Posted by: Johan Normark | December 7, 2011

Quote of the day: On fluidity as change and motion

“The cognitive life of things is about things in motion; it is about hybridity, fluidity and genuinely interactive relationships between brains, bodies and things” (Malafouris & Renfrew 2010:9).

It has become common to conceptualize motion, movement and change as something fluid, not just in archaeology. I have been guilty of that myself. Time and space flows we are told when we describe motion. But is it really so? Are we not just confusing the state of intensity of a certain object (i.e. water) with its motion? Sure, liquid water flows if it is set in motion (but it does not automatically flow, it needs some intensity to get it started). However, water in gas form is moving even more than in its liquid state. Water in its solid form can also move, such as a glacier, albeit at a lower intensity. So why is the motion of a “solid” object seen as an example of fluidity? Getting from one location to another is not to “go with the flow” because that implies that the flow preexist the object under discussion. Time and space emerge from the objects and there is therefore no fluidity in another sense than when we describe a property of a liquid state of an object.

Even more problematic is fluidity as a metaphor for change. If I tear a piece of paper into two parts, I am stuck with two solid objects and there has never been anything near fluidity in the process of tearing. One object has become two objects. We do not need a metaphor of fluidity to describe this process.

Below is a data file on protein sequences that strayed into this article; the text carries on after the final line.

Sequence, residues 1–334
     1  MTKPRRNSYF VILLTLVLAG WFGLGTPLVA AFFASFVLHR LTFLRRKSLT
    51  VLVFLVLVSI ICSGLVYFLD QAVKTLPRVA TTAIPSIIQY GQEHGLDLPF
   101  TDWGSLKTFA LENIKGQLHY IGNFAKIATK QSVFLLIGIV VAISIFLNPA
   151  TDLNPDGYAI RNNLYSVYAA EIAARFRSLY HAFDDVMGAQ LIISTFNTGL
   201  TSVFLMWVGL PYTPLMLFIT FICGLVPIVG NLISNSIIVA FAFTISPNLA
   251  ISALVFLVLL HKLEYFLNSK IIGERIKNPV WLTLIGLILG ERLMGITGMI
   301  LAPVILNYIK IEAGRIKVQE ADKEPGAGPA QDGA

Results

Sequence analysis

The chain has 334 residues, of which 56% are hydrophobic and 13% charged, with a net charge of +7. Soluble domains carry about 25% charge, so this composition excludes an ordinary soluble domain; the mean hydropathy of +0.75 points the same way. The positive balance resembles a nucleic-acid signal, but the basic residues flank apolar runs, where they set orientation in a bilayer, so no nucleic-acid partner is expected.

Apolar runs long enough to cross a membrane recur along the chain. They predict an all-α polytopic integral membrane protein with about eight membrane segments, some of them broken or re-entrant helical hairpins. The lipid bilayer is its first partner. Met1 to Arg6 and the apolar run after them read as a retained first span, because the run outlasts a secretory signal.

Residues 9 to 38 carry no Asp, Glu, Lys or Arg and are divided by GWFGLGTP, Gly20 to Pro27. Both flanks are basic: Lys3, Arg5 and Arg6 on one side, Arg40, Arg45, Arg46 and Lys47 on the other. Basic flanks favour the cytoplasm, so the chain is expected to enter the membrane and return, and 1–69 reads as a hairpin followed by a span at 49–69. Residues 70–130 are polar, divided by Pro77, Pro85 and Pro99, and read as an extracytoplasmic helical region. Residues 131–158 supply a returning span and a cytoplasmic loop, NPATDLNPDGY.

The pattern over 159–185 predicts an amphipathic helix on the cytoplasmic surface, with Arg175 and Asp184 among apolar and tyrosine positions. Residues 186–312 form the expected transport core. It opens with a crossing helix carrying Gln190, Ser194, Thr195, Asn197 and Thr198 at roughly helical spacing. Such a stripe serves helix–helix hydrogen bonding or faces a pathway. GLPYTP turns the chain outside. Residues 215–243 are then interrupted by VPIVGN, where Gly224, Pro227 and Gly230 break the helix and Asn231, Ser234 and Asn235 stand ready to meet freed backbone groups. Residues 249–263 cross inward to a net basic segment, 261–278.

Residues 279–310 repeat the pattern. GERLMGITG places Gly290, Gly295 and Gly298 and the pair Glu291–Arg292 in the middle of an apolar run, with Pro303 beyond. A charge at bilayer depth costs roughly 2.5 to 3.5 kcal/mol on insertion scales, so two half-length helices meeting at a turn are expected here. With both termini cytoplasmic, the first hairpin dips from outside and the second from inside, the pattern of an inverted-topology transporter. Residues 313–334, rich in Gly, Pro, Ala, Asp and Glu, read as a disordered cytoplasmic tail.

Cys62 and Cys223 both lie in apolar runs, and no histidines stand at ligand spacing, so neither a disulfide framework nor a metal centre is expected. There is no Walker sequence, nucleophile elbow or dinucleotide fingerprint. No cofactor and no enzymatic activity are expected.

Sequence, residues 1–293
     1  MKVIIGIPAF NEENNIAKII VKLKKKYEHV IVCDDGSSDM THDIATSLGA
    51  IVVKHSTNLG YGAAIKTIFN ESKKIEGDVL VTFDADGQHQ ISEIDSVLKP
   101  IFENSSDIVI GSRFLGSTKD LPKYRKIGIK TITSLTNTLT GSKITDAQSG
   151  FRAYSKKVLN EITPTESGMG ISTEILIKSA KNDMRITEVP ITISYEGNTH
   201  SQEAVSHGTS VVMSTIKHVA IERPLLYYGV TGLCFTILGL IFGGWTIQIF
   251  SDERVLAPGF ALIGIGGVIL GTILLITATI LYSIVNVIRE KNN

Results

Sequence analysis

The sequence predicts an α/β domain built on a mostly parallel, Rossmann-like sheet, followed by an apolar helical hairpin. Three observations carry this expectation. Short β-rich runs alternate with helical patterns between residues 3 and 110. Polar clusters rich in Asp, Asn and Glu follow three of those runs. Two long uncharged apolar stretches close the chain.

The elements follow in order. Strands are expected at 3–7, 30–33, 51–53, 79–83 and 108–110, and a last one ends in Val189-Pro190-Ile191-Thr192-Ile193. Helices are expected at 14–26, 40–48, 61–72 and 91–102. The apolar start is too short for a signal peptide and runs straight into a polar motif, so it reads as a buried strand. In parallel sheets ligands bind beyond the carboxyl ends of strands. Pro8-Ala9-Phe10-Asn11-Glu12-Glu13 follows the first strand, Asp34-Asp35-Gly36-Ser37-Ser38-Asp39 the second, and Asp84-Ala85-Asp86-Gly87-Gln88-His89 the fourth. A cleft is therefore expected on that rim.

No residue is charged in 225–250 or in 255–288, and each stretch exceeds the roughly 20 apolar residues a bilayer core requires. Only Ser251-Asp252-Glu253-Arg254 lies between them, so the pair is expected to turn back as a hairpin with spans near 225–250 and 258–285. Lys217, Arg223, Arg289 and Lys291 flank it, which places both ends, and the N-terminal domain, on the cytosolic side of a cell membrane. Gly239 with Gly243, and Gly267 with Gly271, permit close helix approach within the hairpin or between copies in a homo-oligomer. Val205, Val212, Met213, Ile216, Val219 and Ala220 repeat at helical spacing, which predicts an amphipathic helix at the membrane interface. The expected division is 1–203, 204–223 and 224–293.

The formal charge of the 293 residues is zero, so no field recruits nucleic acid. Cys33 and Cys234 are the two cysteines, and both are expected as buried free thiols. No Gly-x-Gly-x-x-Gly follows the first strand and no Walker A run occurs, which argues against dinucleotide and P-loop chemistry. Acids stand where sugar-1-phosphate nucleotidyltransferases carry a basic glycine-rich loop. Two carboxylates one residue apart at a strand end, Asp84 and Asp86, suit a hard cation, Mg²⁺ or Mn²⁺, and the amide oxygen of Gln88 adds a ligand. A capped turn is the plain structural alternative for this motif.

Malafouris, Lambros and Colin Renfrew (2010). The Cognitive Life of Things: Archaeology, Material Engagement and the Extended Mind.In The Cognitive Life of Things: Recasting the boundaries of the mind. Lambros Malafouris and Colin Renfrew (eds). Cambridge: McDonald Institute Monographs, pp. 1-12.

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Responses

  1. Hi Johan,

    You make some interesting points. Solid things do flow (the glacier is a good example) and so do gases (which is why we can see eddies and currents and other patterns of flow in visible air flows such as fog and smoke). It seems to me that ‘fluidity’ does not fit easily into our rigid categories of different states of matter – as shown by those flowing materials that are neither solid nor liquid nor gas, but combinations of these (such as minerals held in solution and carried along by rivers).

    On your example of tearing a piece of paper in half, the fluidity in this case is not in the objects themselves but in the process of change – that is, the embodied movement with which you tore the piece of paper. Try performing the operation without any flowing movement or flourish. No matter how much you speed the movement up or slow it down it is still in my opinion a flowing one. And it’s not just a metaphor. The problem may be in trying to see fluidity in the objects themselves, without considering the wider context of forces with which they are entangled. That would be like trying to understand why rivers/ glaciers flow by just looking at the water/ ice, without considering the gravity acting upon it, or the mixture of environmental and cultural forces that also influence patterns of flow.

    Best wishes,
    Matt

  2. In regard to my paper example I would simply say that there is a movement, not a flowing movement. I think flowing is superfluous, it gives me the wrong associations. Movement is not the same as flow. When I move around in a landscape I am only moving, not going with the flow (unless I happen to be swimming of course).

  3. I agree with you Johan about Fluidity, it is an idea, it is a thought.
    And in my opinion ideas, and thoughts are maybe viruses that is not yet discovered by scientists. and there are a lot of things that science did not discover yet.

  4. The 2012 idea is for sure a viral disease…


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